For the first time, an international team including Penn State scientists has found evidence of high-energy neutrino emission from Messier 77, also known as NGC 1068, an active galaxy in the constellation of Cetus.
Neutrinos are fundamental particles with no charge and almost no mass, and they rarely interact with other matter. High-energy neutrinos—like those detected here with energies in the teraelectron volt (TeV), or trillion-electron volt, range—can travel for billions of light-years through space without being deflected or absorbed. Thus, while they are extremely difficult to detect, they can provide accurate information about the distant universe, especially when the information the carry can be combined with information from other cosmic signals in what is called “multimessenger” astronomy.
The detection was made by the IceCube Neutrino Observatory, a massive neutrino telescope encompassing one billion tons of instrumented ice at depths from 1.5 to 2.5 kilometers below Antarctica's surface near the South Pole.
"IceCube is a veritable discovery machine,” said Doug Cowen, professor of physics and of astronomy and astrophysics at Penn State and a long-time IceCube collaborator. “The huge detector has lived up to its promise to launch the brand-new field of high energy neutrino astronomy, and then some, now by giving us glimpses behind a black hole's black-out curtain of matter. IceCube has once again proved that when humanity points a new instrument at the heavens—starting with Galilleo's first telescope—our knowledge of the universe around us increases by leaps and bounds."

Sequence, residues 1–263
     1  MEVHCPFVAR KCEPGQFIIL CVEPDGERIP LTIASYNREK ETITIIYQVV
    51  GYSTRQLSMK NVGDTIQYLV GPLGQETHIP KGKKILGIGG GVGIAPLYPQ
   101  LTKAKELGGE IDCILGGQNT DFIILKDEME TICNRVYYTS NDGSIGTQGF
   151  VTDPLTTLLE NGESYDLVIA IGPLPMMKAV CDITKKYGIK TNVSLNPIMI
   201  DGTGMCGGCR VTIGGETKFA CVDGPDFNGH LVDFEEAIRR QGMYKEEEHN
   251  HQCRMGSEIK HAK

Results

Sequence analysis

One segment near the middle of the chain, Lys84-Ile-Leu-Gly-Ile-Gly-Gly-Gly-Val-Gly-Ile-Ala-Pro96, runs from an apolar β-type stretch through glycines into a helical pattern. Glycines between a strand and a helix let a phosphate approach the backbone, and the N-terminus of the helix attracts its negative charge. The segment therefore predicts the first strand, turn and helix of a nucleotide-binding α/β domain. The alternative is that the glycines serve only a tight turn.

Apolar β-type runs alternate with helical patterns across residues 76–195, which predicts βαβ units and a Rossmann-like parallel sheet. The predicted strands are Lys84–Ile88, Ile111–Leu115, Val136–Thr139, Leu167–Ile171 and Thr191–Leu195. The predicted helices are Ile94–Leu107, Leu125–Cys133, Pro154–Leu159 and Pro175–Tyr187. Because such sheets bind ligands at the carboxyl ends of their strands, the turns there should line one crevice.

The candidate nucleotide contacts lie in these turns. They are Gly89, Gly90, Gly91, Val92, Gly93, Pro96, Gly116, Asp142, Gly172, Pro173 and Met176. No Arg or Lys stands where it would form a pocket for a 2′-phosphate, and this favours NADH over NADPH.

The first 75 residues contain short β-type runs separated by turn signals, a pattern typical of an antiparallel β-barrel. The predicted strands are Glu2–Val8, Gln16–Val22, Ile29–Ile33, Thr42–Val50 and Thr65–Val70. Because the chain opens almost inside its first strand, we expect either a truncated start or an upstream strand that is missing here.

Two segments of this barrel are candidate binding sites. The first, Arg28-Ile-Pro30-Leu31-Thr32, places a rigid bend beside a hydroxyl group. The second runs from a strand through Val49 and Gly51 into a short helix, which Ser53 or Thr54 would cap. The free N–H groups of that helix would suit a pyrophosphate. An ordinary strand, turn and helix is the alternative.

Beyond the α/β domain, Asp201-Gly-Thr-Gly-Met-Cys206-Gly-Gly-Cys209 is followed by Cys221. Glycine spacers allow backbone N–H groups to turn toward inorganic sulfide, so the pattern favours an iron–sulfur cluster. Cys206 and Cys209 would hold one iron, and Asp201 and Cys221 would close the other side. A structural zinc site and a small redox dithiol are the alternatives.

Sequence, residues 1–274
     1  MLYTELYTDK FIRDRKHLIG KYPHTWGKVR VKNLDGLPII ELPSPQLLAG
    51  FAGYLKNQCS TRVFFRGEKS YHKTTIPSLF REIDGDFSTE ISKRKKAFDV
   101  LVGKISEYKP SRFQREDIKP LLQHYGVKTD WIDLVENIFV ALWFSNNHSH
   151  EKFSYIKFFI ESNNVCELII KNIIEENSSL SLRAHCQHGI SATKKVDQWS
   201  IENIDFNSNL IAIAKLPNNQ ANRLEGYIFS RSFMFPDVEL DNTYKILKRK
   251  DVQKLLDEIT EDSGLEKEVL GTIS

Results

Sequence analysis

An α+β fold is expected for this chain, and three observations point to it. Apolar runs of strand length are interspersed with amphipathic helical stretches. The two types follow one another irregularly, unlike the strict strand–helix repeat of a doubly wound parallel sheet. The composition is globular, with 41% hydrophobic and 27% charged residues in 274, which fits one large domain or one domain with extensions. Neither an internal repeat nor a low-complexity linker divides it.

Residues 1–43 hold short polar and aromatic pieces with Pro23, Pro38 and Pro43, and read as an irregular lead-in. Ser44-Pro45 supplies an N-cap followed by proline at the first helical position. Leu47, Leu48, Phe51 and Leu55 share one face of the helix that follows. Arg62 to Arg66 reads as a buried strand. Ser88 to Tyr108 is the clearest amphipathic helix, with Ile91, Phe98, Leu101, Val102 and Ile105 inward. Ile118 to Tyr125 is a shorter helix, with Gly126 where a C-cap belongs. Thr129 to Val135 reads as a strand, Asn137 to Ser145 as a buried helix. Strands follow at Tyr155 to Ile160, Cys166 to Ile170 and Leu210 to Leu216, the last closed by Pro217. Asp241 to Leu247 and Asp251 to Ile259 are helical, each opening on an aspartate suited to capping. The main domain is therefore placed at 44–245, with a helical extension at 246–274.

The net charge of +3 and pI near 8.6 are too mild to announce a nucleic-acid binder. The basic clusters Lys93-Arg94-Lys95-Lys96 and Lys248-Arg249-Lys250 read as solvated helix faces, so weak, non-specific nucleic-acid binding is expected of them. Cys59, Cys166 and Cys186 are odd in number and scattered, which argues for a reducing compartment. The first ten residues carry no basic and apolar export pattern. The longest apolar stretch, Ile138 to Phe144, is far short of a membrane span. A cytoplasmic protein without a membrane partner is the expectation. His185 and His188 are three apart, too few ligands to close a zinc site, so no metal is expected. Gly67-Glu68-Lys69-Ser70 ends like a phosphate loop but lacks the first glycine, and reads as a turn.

This unique telescope, which explores the farthest reaches of our universe using weakly interacting neutrinos instead of light, recorded the first observation of a potential source of high-energy astrophysical neutrinos in 2017. The source of these first observations is the known blazar TXS 0506+056, which is situated in the night sky just off the left shoulder of the constellation Orion and about 4 billion light-years from Earth.
Blazars are very luminous and distant active galaxies with a powerful, relativistic jet of particles pointing directly at us. Unlike NGC 1068, the blazar TXS 0506+056 had not been studied much before the multimessenger detection of neutrinos and high-energy electromagnetic radiation that allowed follow-up measurements by almost 20 telescopes around the world. Now, the observation of neutrino emission from a different type of active galaxy brings us closer to understanding the supermassive black holes powering them.
“One neutrino can single out a source. But only an observation with multiple neutrinos will reveal the obscured core of the most energetic cosmic objects,” said Francis Halzen, a professor of physics at the University of Wisconsin–Madison, the headquarters of the National Science Foundation (NSF)´s Antarctic neutrino facility, and principal investigator of IceCube. “IceCube has accumulated some 80 neutrinos of TeV energy from NGC 1068, which are not yet enough to answer all our questions, but they definitely are the next big step towards the realization of neutrino astronomy.”
The results appear November 4 in the journal Science.